A new Low Vision Clinic at the Australian College of Optometry in Carlton is meeting a need for services to equip a growing ageing population with optimum visual acuity and independence.
Low vision patients will benefit from the clinic dedicated to providing a full service to meet their specific needs, including eye health care and occupational therapy.
The clinic is a partnership between the Australian College of Optometry and Vision Australia. Patients of any age can attend, either by referral or directly.
Speaking at the launch on 10 October, CEO of the Australian College of Optometry, Maureen O’Keefe, said it was fortunate to open the new Low Vision Clinic on World Sight Day.
She said one of the clinic’s goals was to be multiprofessional, and to provide open access, making the services freely available for all low vision patients.
‘The clinic also aspires to two-way referral pathways, a strong research component, and to review and develop evidence-based services,’ Ms O’Keefe said.
ACO secured an $11,000 research grant from the Eric Ormond Baker Charitable Fund, to focus on improving quality of life for low vision patients.
Head of clinical services at the college, Jonathan Jackson said the new venture provided a very important opportunity for the ACO and Vision Australia to expand the provision of state of the art low vision services for Victorians.
The ACO has run a monthly low vision pilot clinic since July last year; the new joint partnership clinic will operate weekly.
Iris Huang, acting lead optometrist low vision services, said that in late 2012 the ACO and Vision Australia commenced strategic discussions with a view to establishing a joint low vision service at the college in Carlton.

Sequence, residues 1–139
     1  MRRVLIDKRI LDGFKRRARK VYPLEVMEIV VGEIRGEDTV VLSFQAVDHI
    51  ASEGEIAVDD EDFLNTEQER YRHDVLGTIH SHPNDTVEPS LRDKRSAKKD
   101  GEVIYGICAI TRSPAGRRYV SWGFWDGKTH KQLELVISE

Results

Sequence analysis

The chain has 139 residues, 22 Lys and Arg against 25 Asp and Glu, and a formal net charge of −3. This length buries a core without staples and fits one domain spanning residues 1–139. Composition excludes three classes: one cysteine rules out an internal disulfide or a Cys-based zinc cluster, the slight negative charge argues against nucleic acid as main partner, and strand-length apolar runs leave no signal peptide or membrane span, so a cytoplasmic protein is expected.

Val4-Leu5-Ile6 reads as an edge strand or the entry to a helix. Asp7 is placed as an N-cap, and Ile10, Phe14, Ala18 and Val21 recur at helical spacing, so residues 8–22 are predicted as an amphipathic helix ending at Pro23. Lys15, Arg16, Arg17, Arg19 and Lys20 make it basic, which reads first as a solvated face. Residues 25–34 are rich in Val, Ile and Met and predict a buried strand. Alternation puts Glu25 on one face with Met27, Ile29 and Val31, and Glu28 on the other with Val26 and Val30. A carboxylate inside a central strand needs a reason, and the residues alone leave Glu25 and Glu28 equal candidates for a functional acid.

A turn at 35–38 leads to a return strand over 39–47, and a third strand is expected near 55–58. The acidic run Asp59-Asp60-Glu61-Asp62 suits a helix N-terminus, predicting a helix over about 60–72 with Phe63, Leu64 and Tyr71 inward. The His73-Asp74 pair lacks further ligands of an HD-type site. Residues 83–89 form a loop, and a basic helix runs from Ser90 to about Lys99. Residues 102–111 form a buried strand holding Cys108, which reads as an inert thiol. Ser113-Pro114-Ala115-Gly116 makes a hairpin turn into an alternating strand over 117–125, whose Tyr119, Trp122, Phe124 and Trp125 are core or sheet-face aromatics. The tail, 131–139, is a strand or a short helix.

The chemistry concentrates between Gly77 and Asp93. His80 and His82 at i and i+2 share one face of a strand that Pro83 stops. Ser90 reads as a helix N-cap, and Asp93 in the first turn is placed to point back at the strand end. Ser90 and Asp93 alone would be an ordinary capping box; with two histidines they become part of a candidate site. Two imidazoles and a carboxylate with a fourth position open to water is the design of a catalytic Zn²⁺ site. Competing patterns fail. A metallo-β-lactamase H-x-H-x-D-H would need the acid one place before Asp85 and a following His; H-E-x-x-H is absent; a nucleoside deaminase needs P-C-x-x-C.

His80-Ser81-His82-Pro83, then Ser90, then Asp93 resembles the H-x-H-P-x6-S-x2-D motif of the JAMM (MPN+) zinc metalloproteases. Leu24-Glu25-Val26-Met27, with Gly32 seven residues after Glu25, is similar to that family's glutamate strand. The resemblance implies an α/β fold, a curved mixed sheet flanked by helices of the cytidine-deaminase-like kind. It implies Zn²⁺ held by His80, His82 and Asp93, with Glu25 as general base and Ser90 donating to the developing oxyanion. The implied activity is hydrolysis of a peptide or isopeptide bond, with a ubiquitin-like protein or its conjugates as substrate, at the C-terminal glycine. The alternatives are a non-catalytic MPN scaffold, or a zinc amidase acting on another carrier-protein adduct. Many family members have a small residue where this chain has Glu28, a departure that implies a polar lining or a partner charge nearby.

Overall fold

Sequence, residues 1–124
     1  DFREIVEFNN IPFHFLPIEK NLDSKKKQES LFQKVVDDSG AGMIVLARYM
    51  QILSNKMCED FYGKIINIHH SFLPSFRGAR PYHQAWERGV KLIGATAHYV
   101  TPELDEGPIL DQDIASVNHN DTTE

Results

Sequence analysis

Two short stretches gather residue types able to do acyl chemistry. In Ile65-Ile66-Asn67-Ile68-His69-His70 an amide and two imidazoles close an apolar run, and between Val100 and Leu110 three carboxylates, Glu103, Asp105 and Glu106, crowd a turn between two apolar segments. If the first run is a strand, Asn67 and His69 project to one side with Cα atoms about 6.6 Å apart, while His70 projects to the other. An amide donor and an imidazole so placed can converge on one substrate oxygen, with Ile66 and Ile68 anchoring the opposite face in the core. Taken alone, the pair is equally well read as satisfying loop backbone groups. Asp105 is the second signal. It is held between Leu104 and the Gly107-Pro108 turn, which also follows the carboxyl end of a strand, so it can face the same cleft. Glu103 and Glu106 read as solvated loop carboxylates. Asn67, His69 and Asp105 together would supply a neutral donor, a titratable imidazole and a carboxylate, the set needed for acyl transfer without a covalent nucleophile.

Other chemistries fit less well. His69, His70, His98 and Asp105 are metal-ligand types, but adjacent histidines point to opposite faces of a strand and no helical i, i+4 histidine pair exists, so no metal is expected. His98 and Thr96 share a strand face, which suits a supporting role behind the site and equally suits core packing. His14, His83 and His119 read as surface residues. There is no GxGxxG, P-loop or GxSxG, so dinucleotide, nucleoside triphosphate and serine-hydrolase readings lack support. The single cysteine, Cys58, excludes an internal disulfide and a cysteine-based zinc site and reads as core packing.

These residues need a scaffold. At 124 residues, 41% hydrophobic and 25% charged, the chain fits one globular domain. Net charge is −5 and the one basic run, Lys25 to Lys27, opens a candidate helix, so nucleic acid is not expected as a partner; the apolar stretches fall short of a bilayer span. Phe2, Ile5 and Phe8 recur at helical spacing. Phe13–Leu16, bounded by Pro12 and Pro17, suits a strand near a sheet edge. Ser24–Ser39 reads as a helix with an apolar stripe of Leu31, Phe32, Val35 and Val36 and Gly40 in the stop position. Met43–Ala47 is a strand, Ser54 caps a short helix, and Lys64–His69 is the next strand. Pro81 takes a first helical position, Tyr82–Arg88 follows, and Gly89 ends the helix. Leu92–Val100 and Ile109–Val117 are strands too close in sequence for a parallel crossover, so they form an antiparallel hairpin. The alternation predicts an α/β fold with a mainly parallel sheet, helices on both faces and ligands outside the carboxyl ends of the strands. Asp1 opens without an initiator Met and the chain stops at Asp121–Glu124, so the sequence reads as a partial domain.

The new clinic will provide specialist care and advice to patients with low vision, including a comprehensive range of programs through shared referral pathways.
Patients will be advised on how to perform daily activities such as reading, writing, shopping and cooking with low vision aids.
An optometrist and an occupational therapist will assess patients attending the clinic.
Consultation fees are bulk-billed to Medicare. Glasses and magnifiers are provided at subsidised rates for patients with a Health Care Card or Pensioner Concession Card. Equipment to help with daily activities will be supplied at affordable prices.
CEO of Kooyong-based Vision Australia, Ron Hooton, and Ms O’Keefe were appointed to their roles in January and March, respectively, this year and have invested their energy to bring the Low Vision Clinic to fruition.
The weekly clinic started operating on 15 October.